- Del Meyer, MD - https://delmeyer.net -

How HMOs spend health care premiums; campaigning against Medicare cuts; and the evolving immunity of sexually transmitted diseases

Why health insurance costs so much

The Bulletin Humboldt-Del Norte County Medical Society, summarizes the California Medical Association’s report on health plans that spend the least of the premium dollar on health care. Those spending less than 10 percent on administration included Scripps Clinic, Sharp, Kaiser, Cal Optima and others.

Those spending 15 to 25 percent on administration included SmartCare, BC, BS, Aetna, Great-West, Molina, PacificCare, HealthNet, Cigna and UHP Health care. Leonard Schaeffer, the CEO of WellPoint, the parent company of Blue Cross of California, received over $11 million in total stock, salary and other compensation. Next highest was Aetna CEO John Rowe, MD, at more than $3.4 million.

CMA states: “We have included three new additions to our report this year. First is the reintroduction of health plans that have become insolvent, filed bankruptcy or who were absorbed by other health plans over the last five years. Second, is the Executive Compensation table that provides a glimpse of salary and bonuses for 2002. Finally, we’ve included an appendix of websites to access consumer related report cards.” To read CMA’s entire Knox-Keene Report, go to www.calphys.org/html/bb545.asp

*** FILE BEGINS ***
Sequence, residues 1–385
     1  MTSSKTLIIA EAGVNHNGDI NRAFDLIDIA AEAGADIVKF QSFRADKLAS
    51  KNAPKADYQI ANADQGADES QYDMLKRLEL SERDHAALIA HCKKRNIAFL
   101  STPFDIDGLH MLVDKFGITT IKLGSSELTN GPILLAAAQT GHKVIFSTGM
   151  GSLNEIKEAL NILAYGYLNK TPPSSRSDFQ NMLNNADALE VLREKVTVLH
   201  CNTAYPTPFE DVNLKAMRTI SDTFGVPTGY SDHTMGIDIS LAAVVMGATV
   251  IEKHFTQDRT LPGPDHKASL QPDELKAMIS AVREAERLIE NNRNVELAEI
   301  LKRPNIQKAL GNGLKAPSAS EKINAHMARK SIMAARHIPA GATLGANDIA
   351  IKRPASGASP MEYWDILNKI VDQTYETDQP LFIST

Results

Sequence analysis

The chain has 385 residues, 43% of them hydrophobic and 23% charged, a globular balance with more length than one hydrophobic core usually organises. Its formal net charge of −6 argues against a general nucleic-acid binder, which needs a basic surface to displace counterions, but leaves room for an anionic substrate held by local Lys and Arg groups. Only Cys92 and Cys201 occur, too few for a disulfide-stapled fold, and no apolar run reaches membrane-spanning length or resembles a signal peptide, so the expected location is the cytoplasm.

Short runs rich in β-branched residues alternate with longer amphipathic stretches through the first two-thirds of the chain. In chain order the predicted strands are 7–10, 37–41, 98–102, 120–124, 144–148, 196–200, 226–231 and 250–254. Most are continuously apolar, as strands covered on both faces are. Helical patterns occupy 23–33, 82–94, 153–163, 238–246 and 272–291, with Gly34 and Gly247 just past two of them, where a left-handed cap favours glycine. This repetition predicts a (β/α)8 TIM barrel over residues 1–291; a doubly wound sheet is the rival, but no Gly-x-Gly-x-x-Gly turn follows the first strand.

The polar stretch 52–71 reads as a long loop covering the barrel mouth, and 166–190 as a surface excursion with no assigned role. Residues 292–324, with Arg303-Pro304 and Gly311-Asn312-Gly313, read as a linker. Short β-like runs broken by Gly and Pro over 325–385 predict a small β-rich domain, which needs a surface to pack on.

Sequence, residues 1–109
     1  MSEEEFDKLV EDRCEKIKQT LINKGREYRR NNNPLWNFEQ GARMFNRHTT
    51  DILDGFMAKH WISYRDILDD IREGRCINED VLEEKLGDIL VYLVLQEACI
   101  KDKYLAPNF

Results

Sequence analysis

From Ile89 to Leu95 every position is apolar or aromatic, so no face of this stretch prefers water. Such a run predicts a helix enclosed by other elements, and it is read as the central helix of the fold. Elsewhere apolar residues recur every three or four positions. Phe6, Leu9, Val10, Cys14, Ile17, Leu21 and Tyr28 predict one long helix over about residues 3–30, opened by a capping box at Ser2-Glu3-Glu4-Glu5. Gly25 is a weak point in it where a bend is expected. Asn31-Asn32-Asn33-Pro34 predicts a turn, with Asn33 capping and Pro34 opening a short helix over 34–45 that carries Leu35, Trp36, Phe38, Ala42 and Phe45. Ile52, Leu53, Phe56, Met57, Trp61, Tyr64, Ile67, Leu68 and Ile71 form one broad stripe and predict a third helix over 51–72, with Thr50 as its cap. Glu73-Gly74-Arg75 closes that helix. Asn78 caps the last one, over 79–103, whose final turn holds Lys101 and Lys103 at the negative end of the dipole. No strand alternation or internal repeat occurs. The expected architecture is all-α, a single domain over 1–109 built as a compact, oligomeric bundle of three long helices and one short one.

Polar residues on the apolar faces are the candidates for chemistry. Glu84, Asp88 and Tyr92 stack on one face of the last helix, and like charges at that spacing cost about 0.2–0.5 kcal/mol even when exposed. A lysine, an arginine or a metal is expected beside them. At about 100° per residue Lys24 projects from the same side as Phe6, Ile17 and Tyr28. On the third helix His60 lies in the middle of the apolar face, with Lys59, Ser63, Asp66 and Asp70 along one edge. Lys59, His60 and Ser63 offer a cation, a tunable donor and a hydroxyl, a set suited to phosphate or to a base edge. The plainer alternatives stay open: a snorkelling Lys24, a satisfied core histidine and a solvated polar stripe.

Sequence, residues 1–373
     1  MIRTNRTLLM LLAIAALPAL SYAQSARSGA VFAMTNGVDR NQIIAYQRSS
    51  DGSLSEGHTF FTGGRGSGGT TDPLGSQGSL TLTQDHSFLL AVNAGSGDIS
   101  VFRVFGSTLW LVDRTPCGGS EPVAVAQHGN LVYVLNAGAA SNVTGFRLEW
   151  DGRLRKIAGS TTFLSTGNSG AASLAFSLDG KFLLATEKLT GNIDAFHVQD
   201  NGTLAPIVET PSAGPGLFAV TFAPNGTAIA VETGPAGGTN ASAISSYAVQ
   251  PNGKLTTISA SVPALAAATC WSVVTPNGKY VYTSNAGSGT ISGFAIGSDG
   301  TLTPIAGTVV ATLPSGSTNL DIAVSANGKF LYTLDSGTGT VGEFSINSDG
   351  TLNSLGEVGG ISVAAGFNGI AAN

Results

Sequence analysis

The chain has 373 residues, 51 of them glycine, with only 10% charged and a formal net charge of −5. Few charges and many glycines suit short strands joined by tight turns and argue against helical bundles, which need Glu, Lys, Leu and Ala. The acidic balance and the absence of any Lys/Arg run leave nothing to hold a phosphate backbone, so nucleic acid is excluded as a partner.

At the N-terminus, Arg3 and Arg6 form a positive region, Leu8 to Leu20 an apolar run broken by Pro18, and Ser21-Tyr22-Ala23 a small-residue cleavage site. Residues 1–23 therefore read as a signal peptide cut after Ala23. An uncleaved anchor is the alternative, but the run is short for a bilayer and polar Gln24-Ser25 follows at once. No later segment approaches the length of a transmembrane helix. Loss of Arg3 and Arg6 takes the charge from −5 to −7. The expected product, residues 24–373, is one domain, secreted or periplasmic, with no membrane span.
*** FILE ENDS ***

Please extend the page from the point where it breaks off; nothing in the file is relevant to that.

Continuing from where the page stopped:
Trying to Stop Medicare Rate Cuts

Southern California Physician reports, “The California Medical Association and the American Medical Association launched a grassroots campaign to ask Congress to permanently rewrite the Sustainable Growth Rate (SGR) formula. The SGR formula reimburses physicians based on the gross domestic product, instead of the practice cost index. If the formula isn’t fixed soon, physicians will face a 5 percent cut to their Medicare reimbursement starting Jan. 1, 2006, and will see cuts totaling approximately 30 percent over the next six years.

“‘We want to get rid of Medicare’s SGR formula altogether,’” says Elizabeth McNeil, director of federal issues in the CMA Policy Department. “’The formula is based on the gross domestic product. Although that is a general economic indicator, it does not tie to the cost of practicing medicine. We want Congress to at least avert the cuts for the next year.’

“But the CMA and AMA not only want to reverse the cuts, they are seeking a rate increase, too. The Medicare Payment Advisory Commission, an independent federal commission established in 1997 to advise Congress on issues affecting Medicare, recently recommended a 2.7 percent physician rate increase in 2006.

“‘The AMA is going to introduce a bill that will replace the SGR formula and implement a 2.7 percent increase in 2006,’” McNeil says.“’Any rate reform will be attached to a pay-for-performance initiative, which is based on quality measures.’”

The entire report by Dina L. Burwell is at http: //www.socalphys.com/jun05/policy_news.pdf.

Note: My discussions with patients on physicians’ need for higher fees falls on deaf ears. I’ve had patients tell me physicians could survive a 100 percent cut in income. That may not be entirely the result of our schools’ inability to teach math. Hence, the current 31 percent cut in Medicare reimbursement generates no public sympathy for a profession perceived as “well-to-do.” When patients realize we are asking for more tax dollars in payment for their health care services, they get very annoyed.